Florida Historian Cesar Becerra Documents Florida's Last Logging Boom at Museum on October 5.
When most of America had switched to chainsaws, the loggers of South Florida were doing things the old fashioned way; cross cut saws, steam powered mills and locomotives and the raw sweat of hardy men . . . inside the last frontier . . . toiling dangerously as they took down the last of the giant Cypress and Virgin Pine Trees in the Southern United States in the Big Cypress/ Everglades Logging Operations the Saturday Evening Post had called the most dangerous job in the country in 1958.
Cesar Becerra is a South Florida historian who focuses most of his time and efforts on the human history of the Everglades. He is the past publisher of a Miami based newsletter "The Everglade Magazine" and portrays several characters in living history presentations, most of which center on the Everglades. He was introduced to LaBelle years ago by his long time friend Waddy Thompson and was fortunate enough to have interviewed such foresters as R. E. "Bob" Byrd, probably remembered by local residents as being an official of Alico, Inc. rather than as a forester who came to the area in the late 1940s when Atlantic Land & Improvement Company decided to move its operations to Hendry County . He will be bringing digital pdf versions of his book and will also have spiral-bound hard copies it available for sale. His last book, "Robert Is Here", focuses on edge of the 'Glades farmer Robert Moehling who used to harvest tomatoes inside the boundaries of Everglades National Park. "Robert Is Here" has become famous to both residents and visitors to "Deep South Miami-Dade" over the years and draws crowds on weekends when it is open.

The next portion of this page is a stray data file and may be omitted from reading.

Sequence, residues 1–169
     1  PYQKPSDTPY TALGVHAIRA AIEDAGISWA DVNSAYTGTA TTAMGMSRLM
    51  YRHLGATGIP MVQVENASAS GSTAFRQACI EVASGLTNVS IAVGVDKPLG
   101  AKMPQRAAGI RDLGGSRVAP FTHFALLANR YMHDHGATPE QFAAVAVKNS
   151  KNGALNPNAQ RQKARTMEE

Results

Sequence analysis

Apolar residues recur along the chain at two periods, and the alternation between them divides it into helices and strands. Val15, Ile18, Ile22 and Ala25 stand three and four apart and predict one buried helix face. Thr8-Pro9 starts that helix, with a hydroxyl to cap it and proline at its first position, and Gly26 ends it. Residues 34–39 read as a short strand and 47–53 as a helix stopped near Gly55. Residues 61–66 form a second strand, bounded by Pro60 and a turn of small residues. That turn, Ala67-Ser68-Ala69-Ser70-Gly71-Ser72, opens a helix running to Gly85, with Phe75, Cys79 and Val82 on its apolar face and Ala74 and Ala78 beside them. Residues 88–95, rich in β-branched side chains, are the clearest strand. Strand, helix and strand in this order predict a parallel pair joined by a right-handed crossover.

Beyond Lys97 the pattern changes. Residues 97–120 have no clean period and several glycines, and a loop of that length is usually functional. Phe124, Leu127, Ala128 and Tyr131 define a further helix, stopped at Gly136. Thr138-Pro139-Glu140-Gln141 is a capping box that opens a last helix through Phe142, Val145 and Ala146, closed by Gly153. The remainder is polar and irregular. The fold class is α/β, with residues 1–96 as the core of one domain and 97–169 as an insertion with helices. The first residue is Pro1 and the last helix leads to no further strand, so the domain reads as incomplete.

Cesar Becerra has paddled, poled, hiked and trekked across the 'glades for nearly 20 years and is a veteran hiker of the Appalachian Trail and has walked over 13 consecutive summers from Key West to Phoenix, Arizona. He is also a veteran road warrior and drove to each the 49 North American Continent's United States in his beloved Chevy Malibu station wagon during the calendar year of 1999.
LaBelle Heritage Museum's October 5th Program Meeting will be held in the 1905 Aiken/Rider House in the museum complex at 360 North Bridge Street with the program to begin at 7 o'clock. Visitors are reminded that the Aiken/Rider House is not handicap accessible at the current time but that ADA/OSHA compliant access is planned for our next major project. Limited parking is available at the museum itself, and Rene Curtis Pratt always opens the Curtis Honey Company lot immediately across Bridge Street to those attending museum evening activities.